On Monday Nick, Kylee and I visited the south Grampians to climb The Piccaninny. This was a great walk and we were able to take some wild flower photos. The views of Mount Sturgeon were also spectacular. While we were travelling and walking Jenny spent enjoyable time with our grand-children. Tuesday was wet all day. This made the falls quite spectacular. We visited a winery and had lunch out. Wednesday we set out for the day and Nick received a phone call from the holiday park indicating that his gazebo had turned up side down and collapsed in the strong winds. We were on our way to falls near Dunkeld. After the call we returned to the family’s camp to see the damage and clear up the debris.
Of course I wanted to activate a Park or two. In the end I was only able to activate one park near the Grampians, Jallukar Nature Conservation Reserve. This park is 1165 hectares and ‘is characterised by high quality, species rich open wood-land’. I was impressed with the park and birdlife, although rubbish had been dumped in one area near my second activation spot.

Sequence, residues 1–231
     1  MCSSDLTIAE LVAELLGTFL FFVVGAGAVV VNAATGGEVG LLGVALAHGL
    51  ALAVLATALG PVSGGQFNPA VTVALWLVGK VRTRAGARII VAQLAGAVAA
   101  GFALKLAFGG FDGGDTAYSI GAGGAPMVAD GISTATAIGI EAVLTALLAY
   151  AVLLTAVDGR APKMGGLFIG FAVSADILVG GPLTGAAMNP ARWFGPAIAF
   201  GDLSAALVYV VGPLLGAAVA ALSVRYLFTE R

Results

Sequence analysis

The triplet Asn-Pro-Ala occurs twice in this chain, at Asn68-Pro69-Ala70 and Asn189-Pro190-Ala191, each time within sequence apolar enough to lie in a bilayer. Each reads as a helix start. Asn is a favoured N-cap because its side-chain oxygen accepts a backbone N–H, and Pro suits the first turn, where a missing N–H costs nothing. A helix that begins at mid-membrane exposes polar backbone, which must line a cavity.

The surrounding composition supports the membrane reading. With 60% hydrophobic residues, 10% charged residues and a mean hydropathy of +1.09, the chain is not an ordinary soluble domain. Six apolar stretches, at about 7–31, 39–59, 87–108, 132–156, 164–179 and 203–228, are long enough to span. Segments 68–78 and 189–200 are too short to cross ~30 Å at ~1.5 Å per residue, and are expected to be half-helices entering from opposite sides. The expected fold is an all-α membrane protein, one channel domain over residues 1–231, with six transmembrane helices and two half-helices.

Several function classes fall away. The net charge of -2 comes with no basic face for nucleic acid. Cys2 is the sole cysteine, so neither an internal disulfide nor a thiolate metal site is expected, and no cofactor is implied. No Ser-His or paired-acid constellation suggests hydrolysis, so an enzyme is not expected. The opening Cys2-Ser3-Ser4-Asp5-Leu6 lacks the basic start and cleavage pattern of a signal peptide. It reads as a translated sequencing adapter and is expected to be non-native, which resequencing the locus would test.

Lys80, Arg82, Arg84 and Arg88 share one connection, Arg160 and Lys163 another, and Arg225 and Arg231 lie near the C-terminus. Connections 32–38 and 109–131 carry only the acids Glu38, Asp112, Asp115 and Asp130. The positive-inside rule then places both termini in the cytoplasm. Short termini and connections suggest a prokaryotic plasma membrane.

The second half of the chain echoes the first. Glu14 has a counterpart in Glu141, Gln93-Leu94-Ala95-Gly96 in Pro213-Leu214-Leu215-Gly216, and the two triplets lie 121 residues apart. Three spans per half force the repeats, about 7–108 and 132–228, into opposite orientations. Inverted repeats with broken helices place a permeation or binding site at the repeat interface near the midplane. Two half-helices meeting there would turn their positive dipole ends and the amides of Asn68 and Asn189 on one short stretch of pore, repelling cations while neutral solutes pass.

The park map shows roads marked in red and my first location was near the entry from the Ararat-Halls Gap Road. Look for Londonderry Road which becomes Bellellen Road. A short distance into the park I found an attractive clearing which can be seen in the photo below. The second photo shows the open woodland. On Saturday, my second activation in the Park, we drove all of the roads and tracks looking for birds and another activation spot. We found a wooded location just off the main road which dissects the park and close to our earlier location just after the road leaves the private property.
Map Courtesy of http://www.parks.vic.gov.au
The excellent facility within ParksnPeaks (wwwparksnpeaks.org) has a link to the map.
Very attractive open woodland
My shack: a Yaesu 857D, 20 watts, hand morse key, linked dipole, 33 amp hour battery and LiFePO4 batteries and and a tablet for spotting myself. The park, as a forest, was previously used for harvesting wood for domestic purposes. Note the large stump on the left.